Being taught by them from an early age I believed them and took everything they said at face value. I admired teachers they endorsed, I read books they recommended and I tried to live my life as I had been taught a Christian should. To me that meant being a person of integrity, a truth teller; it meant being loving, showing compassion and kindness, encouraging others and giving.

Within a year of marrying and having my husband’s perspective on interactions with my family I began to see things that didn’t add up with who my parents said they were. Our relationship with them became fraught with challenges. The opposing messages we were getting from them created a lot of emotional stress for me and my husband. We knew there was something wrong, but we couldn’t put our finger on what. As hubby liked to say, “It’s insidiously subtle and subtly insidious.”

Fast-forward through a decade of trying to resolve the issues between us and things finally came to a head when I read my Dad’s journal of the year I was born. Suddenly I was confronted with a completely different truth about my parents than what they had led me to believe. It was shocking to discover the infidelity, yes, but more that they hadn’t been truthful about it. I went to them again and asked them for an adult version of their past; no longer believing I would get the truth, but hoping nonetheless.

Sadly, they were unable to be honest with me, instead choosing to continue to lie and twist the truth in an effort, I think, to maintain their image as ‘godly, righteous people’. I have been able to verify my Dad’s story and in fact observations he made about their character in the ’70’s are consistent with what my husband and I have lived through with them. It was an incredibly painful time of discovery, but also a freeing one. Finally, I was able to see them as their actions showed them to be and not as the people they had made themselves out to be.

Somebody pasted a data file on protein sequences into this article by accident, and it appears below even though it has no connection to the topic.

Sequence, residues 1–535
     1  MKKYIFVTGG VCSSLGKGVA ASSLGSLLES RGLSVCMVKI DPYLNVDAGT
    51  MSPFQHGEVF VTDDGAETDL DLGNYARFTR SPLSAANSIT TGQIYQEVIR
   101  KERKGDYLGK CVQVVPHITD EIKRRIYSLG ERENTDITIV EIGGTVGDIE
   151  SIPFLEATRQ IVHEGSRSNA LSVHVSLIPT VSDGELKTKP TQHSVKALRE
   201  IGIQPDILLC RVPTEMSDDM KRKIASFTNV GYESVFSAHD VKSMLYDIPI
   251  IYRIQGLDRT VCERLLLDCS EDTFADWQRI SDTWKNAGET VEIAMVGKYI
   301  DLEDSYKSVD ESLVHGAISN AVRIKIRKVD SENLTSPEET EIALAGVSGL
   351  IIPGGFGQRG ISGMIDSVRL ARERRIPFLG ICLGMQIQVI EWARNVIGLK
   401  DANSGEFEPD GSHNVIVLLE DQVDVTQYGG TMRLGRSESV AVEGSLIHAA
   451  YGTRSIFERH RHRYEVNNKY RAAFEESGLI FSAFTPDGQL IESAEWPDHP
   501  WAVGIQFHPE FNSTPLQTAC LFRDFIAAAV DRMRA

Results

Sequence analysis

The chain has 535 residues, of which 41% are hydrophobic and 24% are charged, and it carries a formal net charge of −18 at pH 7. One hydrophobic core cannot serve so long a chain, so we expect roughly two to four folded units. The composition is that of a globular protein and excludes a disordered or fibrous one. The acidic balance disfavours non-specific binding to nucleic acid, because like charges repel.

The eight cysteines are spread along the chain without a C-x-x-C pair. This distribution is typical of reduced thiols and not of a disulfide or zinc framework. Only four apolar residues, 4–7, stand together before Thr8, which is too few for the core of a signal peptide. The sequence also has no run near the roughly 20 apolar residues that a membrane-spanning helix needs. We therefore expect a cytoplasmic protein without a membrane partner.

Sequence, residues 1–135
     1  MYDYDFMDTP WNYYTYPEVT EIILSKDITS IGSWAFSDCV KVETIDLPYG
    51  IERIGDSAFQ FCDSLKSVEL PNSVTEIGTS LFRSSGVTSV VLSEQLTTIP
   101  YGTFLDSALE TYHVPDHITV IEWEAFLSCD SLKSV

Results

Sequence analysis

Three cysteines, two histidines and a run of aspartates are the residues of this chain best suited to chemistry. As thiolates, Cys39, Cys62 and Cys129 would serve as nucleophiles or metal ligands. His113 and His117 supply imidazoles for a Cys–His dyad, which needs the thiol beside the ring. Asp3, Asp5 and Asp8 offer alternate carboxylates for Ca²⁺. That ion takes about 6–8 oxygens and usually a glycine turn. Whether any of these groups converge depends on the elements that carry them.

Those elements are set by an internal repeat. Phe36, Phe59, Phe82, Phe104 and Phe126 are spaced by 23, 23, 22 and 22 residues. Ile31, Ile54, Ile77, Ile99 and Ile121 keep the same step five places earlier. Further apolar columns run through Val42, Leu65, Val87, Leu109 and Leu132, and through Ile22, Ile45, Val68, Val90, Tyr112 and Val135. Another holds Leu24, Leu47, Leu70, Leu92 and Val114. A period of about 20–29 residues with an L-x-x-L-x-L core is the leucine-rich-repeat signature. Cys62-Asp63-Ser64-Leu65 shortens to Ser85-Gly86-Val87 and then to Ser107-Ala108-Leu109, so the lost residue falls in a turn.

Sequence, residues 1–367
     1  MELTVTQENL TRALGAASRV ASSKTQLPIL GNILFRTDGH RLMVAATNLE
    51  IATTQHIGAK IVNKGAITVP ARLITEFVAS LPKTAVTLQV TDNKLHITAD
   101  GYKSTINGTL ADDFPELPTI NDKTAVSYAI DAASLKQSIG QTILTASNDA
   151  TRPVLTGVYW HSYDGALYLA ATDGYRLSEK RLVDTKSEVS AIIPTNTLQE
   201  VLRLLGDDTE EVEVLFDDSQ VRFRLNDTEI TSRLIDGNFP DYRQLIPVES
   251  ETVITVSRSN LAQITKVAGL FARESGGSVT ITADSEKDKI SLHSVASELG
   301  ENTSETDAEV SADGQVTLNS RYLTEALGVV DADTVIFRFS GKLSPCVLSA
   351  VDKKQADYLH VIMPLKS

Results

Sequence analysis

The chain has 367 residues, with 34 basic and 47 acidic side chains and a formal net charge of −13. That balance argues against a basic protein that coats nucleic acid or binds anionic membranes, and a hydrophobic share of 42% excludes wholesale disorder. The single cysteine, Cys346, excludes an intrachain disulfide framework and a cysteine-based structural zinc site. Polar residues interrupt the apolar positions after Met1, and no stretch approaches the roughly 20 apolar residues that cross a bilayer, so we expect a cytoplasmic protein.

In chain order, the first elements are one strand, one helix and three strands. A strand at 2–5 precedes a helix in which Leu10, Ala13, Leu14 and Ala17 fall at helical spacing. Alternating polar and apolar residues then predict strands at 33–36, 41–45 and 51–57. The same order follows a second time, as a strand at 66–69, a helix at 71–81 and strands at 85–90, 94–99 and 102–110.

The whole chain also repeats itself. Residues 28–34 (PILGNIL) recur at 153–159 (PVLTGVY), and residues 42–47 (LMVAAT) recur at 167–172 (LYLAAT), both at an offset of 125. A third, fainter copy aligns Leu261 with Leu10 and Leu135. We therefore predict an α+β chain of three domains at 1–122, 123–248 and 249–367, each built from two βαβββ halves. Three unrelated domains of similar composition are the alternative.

After years of making every effort we could to find a way to have a healthy relationship with them I finally realized that it was not going to happen. I cannot change them, but I can choose to protect myself. For me and my family this means no contact. I wish it were not so, but for our family’s emotional health it is necessary.

My mother and step-father may not be people I can trust or want to be around but I do feel compassion and forgiveness towards them. I just choose to live my life without them in it, and have found peace with that decision. Do you have people in your life who cause you stress and anxiety? Do they say they love you and care about you but treat you badly? If yes, please do start to give yourself permission to choose whether you want them to play an active part in your life.

We could have saved ourselves so much grief and pain if we had believed who my parents were as soon as we began to see the inconsistencies. For too long we allowed ourselves to be taken in by their words, giving them way too many second chances. It is my hope that in writing about our story others might be spared some unnecessary pain and heartache. When someone shows you who they are, believe them!